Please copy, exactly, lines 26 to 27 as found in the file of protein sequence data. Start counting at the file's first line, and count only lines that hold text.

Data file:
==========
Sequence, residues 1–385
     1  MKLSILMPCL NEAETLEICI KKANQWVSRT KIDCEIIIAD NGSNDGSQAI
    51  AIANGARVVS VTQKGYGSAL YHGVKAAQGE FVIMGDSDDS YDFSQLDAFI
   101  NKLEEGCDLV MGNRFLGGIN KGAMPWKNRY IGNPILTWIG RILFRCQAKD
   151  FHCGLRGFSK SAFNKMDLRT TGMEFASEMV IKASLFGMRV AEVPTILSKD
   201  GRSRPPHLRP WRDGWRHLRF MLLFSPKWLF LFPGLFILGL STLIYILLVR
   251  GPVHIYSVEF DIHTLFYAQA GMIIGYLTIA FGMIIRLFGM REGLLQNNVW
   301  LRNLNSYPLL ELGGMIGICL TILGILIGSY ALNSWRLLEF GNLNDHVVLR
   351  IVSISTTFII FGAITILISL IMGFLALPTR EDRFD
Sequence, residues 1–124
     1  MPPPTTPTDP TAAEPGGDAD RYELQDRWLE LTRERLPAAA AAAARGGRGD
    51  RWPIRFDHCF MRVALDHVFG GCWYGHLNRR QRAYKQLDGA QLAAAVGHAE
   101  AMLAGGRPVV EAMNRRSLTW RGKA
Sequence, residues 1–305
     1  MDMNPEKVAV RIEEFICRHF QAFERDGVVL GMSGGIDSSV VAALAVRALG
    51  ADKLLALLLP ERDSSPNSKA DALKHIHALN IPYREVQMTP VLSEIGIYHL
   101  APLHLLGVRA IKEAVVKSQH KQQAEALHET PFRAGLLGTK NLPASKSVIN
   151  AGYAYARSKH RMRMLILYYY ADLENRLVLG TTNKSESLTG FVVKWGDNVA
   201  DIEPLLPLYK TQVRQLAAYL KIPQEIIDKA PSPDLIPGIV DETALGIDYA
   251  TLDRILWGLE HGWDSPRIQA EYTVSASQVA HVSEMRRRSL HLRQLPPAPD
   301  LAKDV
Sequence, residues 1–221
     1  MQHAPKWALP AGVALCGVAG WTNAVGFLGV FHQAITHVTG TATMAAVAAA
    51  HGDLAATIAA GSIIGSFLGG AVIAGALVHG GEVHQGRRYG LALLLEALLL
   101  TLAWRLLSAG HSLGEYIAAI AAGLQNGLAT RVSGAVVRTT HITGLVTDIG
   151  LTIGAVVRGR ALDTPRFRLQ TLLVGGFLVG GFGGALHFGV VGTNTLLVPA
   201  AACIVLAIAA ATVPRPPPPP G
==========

   151  LTIGAVVRGR ALDTPRFRLQ TLLVGGFLVG GFGGALHFGV VGTNTLLVPA
   201  AACIVLAIAA ATVPRPPPPP G